At one of the recent WAN Parties, there was some discussion on testing. Some items came up that really got me thinking about why the last 2 years has sold me on testing. From memory, I’m going to go over my thoughts on some of the comments.
It’s hard to write tests first. How did you learn?
Well, I didn’t have a choice. I learned TDD by taking a job as a junior looking for some mentorship. My first two projects were:
- Get every old app we supported (~ 24) into a build script and onto our CI server
- Write a small make work app, but do it completely via TDD.
Me and my coworkers had done some pairing and I had written some tests with people, but I always had someone to lean on so it was kind of easy.
However, once I started out on my own, building a system from the ground up and having no idea where I wanted the design to go? That’s when things got difficult. I remember spending literally an entire afternoon writing a single test. One. I don’t even know if I finished. I just remember knowing Point A and Point B and having no idea which path to take between the two.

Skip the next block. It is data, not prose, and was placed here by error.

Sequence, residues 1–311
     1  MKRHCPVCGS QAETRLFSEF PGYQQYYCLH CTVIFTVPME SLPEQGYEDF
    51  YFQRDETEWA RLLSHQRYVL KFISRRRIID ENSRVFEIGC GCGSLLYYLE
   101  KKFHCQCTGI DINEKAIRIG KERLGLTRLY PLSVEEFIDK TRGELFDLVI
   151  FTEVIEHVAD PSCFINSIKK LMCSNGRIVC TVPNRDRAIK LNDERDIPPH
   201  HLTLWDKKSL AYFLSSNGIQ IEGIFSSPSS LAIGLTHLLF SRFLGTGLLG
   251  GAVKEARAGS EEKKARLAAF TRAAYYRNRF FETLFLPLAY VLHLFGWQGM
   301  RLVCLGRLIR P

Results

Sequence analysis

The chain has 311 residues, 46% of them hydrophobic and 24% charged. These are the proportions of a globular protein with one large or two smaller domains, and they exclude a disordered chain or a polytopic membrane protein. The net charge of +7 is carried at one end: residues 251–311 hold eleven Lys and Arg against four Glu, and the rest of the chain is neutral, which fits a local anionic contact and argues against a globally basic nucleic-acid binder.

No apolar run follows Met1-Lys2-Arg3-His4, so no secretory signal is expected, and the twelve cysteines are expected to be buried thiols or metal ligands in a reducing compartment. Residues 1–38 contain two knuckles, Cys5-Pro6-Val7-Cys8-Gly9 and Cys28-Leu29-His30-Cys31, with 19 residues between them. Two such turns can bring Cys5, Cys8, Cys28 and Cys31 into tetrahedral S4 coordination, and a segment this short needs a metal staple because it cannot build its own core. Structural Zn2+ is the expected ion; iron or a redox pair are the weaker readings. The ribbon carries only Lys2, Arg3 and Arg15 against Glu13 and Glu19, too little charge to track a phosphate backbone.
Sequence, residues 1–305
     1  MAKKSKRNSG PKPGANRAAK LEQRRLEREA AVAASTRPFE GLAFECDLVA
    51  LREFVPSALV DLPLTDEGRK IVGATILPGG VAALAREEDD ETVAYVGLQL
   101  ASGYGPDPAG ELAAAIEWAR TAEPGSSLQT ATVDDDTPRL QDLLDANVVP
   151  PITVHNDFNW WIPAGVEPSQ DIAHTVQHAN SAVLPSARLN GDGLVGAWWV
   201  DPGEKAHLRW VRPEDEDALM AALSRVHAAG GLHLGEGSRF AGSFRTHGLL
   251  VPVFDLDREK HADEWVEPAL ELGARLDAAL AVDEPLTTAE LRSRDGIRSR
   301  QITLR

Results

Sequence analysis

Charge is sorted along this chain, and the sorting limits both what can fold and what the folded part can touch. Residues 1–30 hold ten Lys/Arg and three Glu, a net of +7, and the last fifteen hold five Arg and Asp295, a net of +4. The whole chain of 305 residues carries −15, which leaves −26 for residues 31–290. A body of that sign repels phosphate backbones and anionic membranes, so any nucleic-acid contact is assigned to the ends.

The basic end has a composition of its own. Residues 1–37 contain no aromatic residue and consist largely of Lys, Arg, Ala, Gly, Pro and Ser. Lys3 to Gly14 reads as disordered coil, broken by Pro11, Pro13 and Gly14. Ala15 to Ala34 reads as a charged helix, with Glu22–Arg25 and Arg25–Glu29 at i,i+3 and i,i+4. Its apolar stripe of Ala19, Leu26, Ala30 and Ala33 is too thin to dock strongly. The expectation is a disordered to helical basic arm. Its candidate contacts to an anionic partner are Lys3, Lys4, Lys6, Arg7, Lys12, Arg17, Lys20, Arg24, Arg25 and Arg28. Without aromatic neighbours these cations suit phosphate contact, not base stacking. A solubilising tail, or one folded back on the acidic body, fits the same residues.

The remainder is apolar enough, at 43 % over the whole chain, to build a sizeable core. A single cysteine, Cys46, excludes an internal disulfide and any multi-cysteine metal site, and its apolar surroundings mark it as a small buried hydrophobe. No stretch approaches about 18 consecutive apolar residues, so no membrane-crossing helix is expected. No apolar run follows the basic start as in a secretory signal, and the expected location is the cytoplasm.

Of course, as my boss would come and check in on me he would say "That’s good… but why can’t it look like this"? He’d sit down and write a few lines and suddenly I’d feel like a total moron.
The point of the story is: It takes work. It takes writing tests and realizing their crap and continuing on writing more. Don’t expect your first foray into true TDD to be easy, and don’t expect to do it well. However, I can guarantee you that if you stick with it, it _will_ become second nature.
Also, if you can get one, find yourself a mentor to help you. It will help immensely.